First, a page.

Western Cape environmentalists swarm to the rescue of the humble honeybee.
Like water, land and air, the honeybee is vital to agriculture.
According to the South African National Biodiversity Institute more than 50 different crops in South Africa are reliant on the insect for pollination.
This is why the Western Cape Department of Agriculture and the Western Cape Bee Industry Association have developed a new strategy aimed at ensuring the sustainability of the bee population in the province.
The strategy comes after the bee industry identified several problems affecting bees. These include insufficient food, theft and vandalism, disease, environmental hazards such as pollution, and exposure to external factors such as fires and drought.
According to the Department of Agriculture, the single largest concern is that there will not be enough food for bees in the Western Cape. South Africa’s honeybee species rely on both indigenous and exotic species like eucalyptus, flowering crops and suburban plants to provide year-round food sources.
However, as an alien invasive plant, six species of eucalyptus have been targeted for removal explains the provincial Department of Agriculture.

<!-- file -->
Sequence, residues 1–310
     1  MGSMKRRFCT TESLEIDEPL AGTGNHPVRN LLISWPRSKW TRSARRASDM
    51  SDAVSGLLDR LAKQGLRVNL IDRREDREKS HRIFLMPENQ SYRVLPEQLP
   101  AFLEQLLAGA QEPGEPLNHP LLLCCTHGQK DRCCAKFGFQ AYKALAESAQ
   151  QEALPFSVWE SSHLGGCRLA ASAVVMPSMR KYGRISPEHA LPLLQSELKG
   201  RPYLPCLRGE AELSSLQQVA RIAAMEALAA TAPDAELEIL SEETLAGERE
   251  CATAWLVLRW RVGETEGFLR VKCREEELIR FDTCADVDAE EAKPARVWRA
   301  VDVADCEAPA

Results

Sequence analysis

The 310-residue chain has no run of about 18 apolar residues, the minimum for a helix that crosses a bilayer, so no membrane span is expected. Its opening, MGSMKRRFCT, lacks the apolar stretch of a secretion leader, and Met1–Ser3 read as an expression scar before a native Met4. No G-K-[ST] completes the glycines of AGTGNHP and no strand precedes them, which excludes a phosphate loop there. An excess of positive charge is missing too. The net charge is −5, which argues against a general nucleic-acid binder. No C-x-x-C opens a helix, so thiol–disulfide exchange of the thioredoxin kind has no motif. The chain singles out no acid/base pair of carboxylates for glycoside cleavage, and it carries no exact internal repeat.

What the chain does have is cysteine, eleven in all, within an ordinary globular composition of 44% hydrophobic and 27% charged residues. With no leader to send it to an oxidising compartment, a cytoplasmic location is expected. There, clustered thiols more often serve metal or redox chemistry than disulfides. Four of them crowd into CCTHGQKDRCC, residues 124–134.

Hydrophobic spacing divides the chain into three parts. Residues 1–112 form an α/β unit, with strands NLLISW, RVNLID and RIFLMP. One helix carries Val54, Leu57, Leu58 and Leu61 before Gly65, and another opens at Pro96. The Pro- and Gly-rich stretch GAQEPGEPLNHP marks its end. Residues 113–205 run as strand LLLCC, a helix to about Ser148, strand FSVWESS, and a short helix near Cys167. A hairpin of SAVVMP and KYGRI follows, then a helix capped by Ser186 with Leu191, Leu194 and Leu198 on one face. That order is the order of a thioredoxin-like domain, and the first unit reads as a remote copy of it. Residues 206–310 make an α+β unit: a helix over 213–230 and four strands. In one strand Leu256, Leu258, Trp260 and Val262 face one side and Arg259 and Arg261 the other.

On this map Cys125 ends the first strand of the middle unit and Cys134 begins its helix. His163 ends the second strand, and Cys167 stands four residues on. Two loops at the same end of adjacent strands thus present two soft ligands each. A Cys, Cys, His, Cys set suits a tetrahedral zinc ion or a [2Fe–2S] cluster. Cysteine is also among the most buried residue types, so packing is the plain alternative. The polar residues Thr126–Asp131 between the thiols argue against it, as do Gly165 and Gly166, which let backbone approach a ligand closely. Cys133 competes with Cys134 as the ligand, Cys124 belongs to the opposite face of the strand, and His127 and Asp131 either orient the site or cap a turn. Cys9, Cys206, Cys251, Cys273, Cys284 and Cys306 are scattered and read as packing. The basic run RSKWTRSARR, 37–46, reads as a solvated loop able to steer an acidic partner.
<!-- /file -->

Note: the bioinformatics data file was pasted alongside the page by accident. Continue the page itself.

The strategy proposes that a Bee Forage Commission be established, which will be composed of players from various provincial and national government departments as well as universities and representatives from the bee industry.
Among the projects this commission will undertake are the development of a book exploring bee-friendly plants a campaign with nurseries to mark plants as ‘bee friendly’ in much the same way some species are being marketed as ‘water friendly’ and exploring the possibilities of a mass bee food planting project.
The Western Cape MEC for Economic Opportunities Alan Winde said the report shows that South Africa has imported 2 000 tonnes of honey annually since 2010. "This is an agri-processing opportunity to produce local honey and honey-related products, right here in the Western Cape,” he said.
The chairman of the Western Cape Bee Industry Association, Dr Tlou Masehela, said the industry at large must pull together and make the initiative work.